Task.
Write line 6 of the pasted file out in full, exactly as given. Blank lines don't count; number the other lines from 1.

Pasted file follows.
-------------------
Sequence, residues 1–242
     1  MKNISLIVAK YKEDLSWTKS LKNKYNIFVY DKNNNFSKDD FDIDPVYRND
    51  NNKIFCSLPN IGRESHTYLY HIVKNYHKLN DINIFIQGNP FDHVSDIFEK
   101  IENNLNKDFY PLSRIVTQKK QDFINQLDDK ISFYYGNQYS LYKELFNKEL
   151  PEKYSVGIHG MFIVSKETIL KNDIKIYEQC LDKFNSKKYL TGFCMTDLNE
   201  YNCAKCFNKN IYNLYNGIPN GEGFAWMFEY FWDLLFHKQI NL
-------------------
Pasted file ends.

   201  YNCAKCFNKN IYNLYNGIPN GEGFAWMFEY FWDLLFHKQI NL